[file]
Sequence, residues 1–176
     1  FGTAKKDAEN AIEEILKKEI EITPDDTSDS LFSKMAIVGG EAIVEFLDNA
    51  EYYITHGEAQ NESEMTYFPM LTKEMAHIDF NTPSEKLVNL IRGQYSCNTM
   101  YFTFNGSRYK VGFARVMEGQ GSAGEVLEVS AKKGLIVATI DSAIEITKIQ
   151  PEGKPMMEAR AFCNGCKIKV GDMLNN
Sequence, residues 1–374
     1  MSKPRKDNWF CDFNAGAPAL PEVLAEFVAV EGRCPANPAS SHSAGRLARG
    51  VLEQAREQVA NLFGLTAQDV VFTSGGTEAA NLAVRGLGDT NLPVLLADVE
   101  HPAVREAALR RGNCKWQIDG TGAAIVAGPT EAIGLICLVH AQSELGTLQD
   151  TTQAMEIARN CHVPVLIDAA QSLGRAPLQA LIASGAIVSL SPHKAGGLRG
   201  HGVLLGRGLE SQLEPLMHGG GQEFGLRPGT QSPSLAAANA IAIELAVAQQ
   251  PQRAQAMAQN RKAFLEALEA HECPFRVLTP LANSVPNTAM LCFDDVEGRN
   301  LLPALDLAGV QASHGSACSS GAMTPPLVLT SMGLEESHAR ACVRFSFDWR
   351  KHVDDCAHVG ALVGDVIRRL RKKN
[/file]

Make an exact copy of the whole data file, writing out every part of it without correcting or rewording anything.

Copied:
Sequence, residues 1–176
     1  FGTAKKDAEN AIEEILKKEI EITPDDTSDS LFSKMAIVGG EAIVEFLDNA
    51  EYYITHGEAQ NESEMTYFPM LTKEMAHIDF NTPSEKLVNL IRGQYSCNTM
   101  YFTFNGSRYK VGFARVMEGQ GSAGEVLEVS AKKGLIVATI DSAIEITKIQ
   151  PEGKPMMEAR AFCNGCKIKV GDMLNN
Sequence, residues 1–374
     1  MSKPRKDNWF CDFNAGAPAL PEVLAEFVAV EGRCPANPAS SHSAGRLARG
    51  VLEQAREQVA NLFGLTAQDV VFTSGGTEAA NLAVRGLGDT NLPVLLADVE
   101  HPAVREAALR RGNCKWQIDG TGAAIVAGPT EAIGLICLVH AQSELGTLQD
   151  TTQAMEIARN CHVPVLIDAA QSLGRAPLQA LIASGAIVSL SPHKAGGLRG
   201  HGVLLGRGLE SQLEPLMHGG GQEFGLRPGT QSPSLAAANA IAIELAVAQQ
   251  PQRAQAMAQN RKAFLEALEA HECPFRVLTP LANSVPNTAM LCFDDVEGRN
   301  LLPALDLAGV QASHGSACSS GAMTPPLVLT SMGLEESHAR ACVRFSFDWR
   351  KHVDDCAHVG ALVGDVIRRL RKKN